You’re quite often jostled, and any urge to tackle tight bends at speed is soon suppressed by the feeling that the car would rather not pursue such antics. The Rexton will get around a bend just fine unless you go mad, the task eased by steering that’s much less slack than you’d experience in old-school body-on-frame off-roaders. Still, alacritous it isn't.

On the other hand, the Rexton is likely to prove decently effective in mud, with impressive ground clearance and approach and departure angles along with selectable four-wheel drive and low ratio. Our scope for testing its robust mettle was limited to some bumpy track adventuring, but the Rexton certainly feels tough, with not a squeak or rattle coming from its structure or furnishings.

Should I buy one?

It’s the Rexton’s robust, off-roading credentials and its ability to lug 3.5 tonnes that make the strongest rational case for this SUV, which is an old fashioned 4x4 of the Toyota Land Cruiser and Mitsubishi Shogun's ilk, and there are undoubtedly buyers who require just those capabilities.

However, there will also be plenty who will be swayed by the Rexton’s quietly handsome presence, its reasonable value for money and, higher up the range, the opulence of its interior.

Despite a ride that may prove irritatingly busy on British roads, languid performance and thirst for fuel, there’s something comfortingly likeable about the Rexton, with its robust inner core and sumptuous interior strong draws. Rationally, it makes only limited sense unless it’s needed for heavy duty tasks, but it’s an impressive leap forward for the recovering Ssangyong and certainly worth a look.

Ssangyong Rexton 2.2d Ultimate

Location Seoul, South Korea; On sale October; Price £37,500; Engine four cyls, 2157cc, turbodiesel; Power 179bhp at 4000rpm; Torque 310lb ft at 1600-2600rpm; Gearbox 7-spd automatic; Kerbweight 2130kg; 0-62mph 11.0sec; Top speed 115mph; Economy 34.8mpg; CO2 213g/km; Rivals Hyundai Santa Fe, Kia Sorento

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Comments
8

10 August 2017

A surprisingly well-furnished interior.

 

Yes, it looks great in your pictures, doesn't it?

Where has all Japanese design went to?

10 August 2017

£37grand, really?

Spanner

10 August 2017
Isn't £37 or am I the only one seeing that?

10 August 2017

I think that must be a typo. I've just looked on their website and the old one topped out at 28k. That would be quite a jump up to 37k

11 August 2017

It says entry level £27.5k, so on reflection it must be a typo. Unless the top of the range has £10k of extras....in which case, again, really?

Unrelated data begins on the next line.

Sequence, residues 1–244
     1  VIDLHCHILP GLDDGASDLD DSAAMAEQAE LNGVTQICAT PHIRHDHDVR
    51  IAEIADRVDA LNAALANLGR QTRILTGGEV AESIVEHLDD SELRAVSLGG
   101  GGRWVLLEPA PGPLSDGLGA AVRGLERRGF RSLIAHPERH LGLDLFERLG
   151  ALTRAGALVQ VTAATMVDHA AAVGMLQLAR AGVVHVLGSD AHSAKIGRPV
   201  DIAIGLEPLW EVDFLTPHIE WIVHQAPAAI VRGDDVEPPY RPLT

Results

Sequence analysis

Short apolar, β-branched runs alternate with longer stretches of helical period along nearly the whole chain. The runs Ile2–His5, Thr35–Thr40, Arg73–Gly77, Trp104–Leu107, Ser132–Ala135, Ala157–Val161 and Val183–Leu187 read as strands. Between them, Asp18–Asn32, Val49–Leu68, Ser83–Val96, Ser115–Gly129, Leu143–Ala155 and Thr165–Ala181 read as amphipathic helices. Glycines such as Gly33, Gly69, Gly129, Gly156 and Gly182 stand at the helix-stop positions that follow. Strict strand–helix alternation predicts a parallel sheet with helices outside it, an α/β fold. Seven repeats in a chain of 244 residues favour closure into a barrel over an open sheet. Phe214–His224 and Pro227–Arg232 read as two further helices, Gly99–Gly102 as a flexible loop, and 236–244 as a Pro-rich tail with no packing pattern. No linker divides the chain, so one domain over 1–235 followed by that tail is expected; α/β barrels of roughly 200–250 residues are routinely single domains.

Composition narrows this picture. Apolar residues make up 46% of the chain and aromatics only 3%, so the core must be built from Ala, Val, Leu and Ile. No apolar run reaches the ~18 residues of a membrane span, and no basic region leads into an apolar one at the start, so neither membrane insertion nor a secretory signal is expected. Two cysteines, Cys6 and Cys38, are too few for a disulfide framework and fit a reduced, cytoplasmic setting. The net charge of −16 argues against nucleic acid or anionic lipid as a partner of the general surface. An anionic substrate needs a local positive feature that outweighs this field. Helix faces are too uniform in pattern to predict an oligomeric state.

Spanner

12 August 2017

This appears being one of the rare vehicles with no pretentions whatsoever towards being sporty anything. Just what is says on the tin, i.e. carries the family in reasonable comfort, plus able to tow a really large mobile home, large enough for full family in comfort wherever reachable on road or even off. There are really not many vehicles with comparable capabilities out there that are available at prices a family is likely be able to afford. Mitsubishi Shogun appears the closest comparable. Land-cruiser comes also to mind. The Rexton probably will be cheaper than both and helluva lot cheaper than anything beyond the Shogun and the Cruiser. Not at all hence by any means, pointless.

14 August 2017

I've had the pleasure of sitting in this new Rexton, in both mid and top spec and I can confirm what the article indicates re the interior. I would confidently say the quality of materials and fit/finish is easily on a par with any other mainstream offering and not far off the industry leaders. Although I havent driven it yet, I have no reason to doubt what is said in the article. As for pricing, when compared with its direct competitors (Kia Sorento, Hyundai Santa Fe etc) it still looks like good value, especially in mid spec which is around £31-32k for a 7 seater manual 4x4. When the current Sorento arrived a couple of years ago, I baulked at the £42k-plus of the KX4 models (which is now closer to £43k with a couple of essential boxes ticked) but the majority of Sorento's sold at our site are in fact those very same top-spec ones that I doubted at the start. I think SsangYong are canny in aiming at the used Disco market, especially when you consider this will tow the same 3.5 tons and is unlikely to break down and even if it does, it has the 5yr unlimited miles warranty.The Landrover may get you anywhere you want to go, but this will tow you back when the Landrovers had enough!

15 August 2017

Good to see SsangYong making a go of it but they need to get real with their prices. The likes of Kia and Hyundai built a base in the UK on good value rather than ground-breaking modernity. They kept their prices realistic and gradually increased them as quality, tech etc brought them up to speed with the rest. Now they're considered a 'real' alternative to the best Euro brands and the prices reflect that. SsangYong is pitching regular prices without having fulfilled that quality/tech/design aspect yet.